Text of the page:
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Analysing User-generated Geo-Information: New Methods, New Threats
Presentation by Bernd Resch
Thursday, Aug 24th, Noon - 1:00, Room S354, CGIS South Building (1730 Cambridge St.)
Watch a video recording of the presentation.
The disruptive technological advances over the past decade have fundamentally changed how we see the world. As a result from this transformational development, the scientific community has faced a transition from a data-scarce to a data-rich environment, which also reshapes the field of geoinformatics through the integration of data-driven approaches. This again necessitates the development of new methods for data acquisition and analysis that go well beyond established algorithms in geoinformatics, i.e., new methods for data analysis that need to be developed in collaboration between different disciplines including computer science, computational linguistics, sociology, psychology, statistics, medical science, or the environmental sciences. From a less positivist viewpoint, these developments come with a certain risk. For instance, new business models are often based on collecting and selling user data, implying that less privacy is the new social norm. Consequently, scientific research efforts involving locational data referring to individuals or groups of people need to ensure privacy and data protection through raising awareness and through comprehensive Privacy by Design guidelines that follow legal and ethical rules.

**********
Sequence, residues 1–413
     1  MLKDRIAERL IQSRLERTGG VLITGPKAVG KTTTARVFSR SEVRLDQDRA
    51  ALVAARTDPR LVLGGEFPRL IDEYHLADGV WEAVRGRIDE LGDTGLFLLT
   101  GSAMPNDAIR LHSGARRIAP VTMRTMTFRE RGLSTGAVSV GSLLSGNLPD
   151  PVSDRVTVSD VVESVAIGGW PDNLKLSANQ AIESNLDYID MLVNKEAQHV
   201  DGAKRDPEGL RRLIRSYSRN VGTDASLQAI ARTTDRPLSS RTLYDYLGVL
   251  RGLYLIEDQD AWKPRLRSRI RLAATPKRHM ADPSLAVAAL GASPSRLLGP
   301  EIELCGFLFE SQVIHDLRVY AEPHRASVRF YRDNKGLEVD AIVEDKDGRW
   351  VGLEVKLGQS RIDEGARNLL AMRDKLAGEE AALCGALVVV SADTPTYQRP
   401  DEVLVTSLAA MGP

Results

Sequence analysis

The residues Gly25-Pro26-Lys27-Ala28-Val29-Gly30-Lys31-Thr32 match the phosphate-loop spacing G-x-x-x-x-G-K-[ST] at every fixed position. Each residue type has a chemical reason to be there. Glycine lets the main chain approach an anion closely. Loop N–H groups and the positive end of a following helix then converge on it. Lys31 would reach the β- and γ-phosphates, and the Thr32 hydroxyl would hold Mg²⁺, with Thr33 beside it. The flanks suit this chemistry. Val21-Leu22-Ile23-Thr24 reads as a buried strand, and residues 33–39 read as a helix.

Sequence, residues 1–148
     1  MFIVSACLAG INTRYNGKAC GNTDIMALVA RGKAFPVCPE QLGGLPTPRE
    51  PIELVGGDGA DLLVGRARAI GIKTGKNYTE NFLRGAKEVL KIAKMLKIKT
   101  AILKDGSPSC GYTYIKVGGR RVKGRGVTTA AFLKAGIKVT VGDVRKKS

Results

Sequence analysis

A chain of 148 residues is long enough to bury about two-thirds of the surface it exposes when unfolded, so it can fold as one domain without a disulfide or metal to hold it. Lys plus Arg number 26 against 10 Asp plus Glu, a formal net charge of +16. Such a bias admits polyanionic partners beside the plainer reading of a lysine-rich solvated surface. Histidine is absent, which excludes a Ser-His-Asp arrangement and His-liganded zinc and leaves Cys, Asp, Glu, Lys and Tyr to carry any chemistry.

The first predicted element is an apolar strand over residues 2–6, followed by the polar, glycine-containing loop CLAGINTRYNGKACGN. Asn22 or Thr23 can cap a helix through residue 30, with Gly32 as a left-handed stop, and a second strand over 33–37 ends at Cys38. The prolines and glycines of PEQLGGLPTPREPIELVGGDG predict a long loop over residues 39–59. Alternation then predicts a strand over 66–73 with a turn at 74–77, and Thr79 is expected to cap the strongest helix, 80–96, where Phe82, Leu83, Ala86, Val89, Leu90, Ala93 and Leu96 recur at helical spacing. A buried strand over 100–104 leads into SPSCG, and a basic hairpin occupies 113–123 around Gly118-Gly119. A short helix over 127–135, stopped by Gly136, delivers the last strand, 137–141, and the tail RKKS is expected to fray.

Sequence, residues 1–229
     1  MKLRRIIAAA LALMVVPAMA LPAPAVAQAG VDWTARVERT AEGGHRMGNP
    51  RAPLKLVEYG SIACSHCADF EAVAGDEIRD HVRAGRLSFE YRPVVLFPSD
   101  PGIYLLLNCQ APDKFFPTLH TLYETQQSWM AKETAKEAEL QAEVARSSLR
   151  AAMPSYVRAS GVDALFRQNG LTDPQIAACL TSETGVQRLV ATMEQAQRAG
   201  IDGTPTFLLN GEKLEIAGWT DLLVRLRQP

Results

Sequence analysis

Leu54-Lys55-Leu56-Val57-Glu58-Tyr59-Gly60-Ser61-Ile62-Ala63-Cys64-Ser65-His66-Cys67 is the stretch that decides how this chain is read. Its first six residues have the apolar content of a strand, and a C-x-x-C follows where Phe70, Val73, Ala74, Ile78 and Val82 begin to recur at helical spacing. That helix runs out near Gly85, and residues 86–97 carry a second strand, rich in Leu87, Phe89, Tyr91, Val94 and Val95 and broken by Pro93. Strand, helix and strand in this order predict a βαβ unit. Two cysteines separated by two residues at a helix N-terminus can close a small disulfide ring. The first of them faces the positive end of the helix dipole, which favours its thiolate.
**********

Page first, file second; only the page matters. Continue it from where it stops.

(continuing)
This talk will discuss new analysis methods in a number of application areas and propose a comprehensive Privacy by Design guideline for dealing with personal location data in scientific research.
Bernd Resch is an Assistant Professor at University of Salzburg's Department of Geoinformatics - Z_GIS and a Visiting Fellow at Harvard University (USA). Bernd Resch did his PhD in the area of “Live Geography” (real-time monitoring of environmental geo-processes) together with University of Salzburg and MIT. His research interests revolve around fusing data from human and technical sensors, the "quantified self" movement and crowd-sourcing methods, environmental monitoring, People as Sensors, real-time analysis of urban dynamics, Sensor Fusion, and interoperability in geo-sensor networks.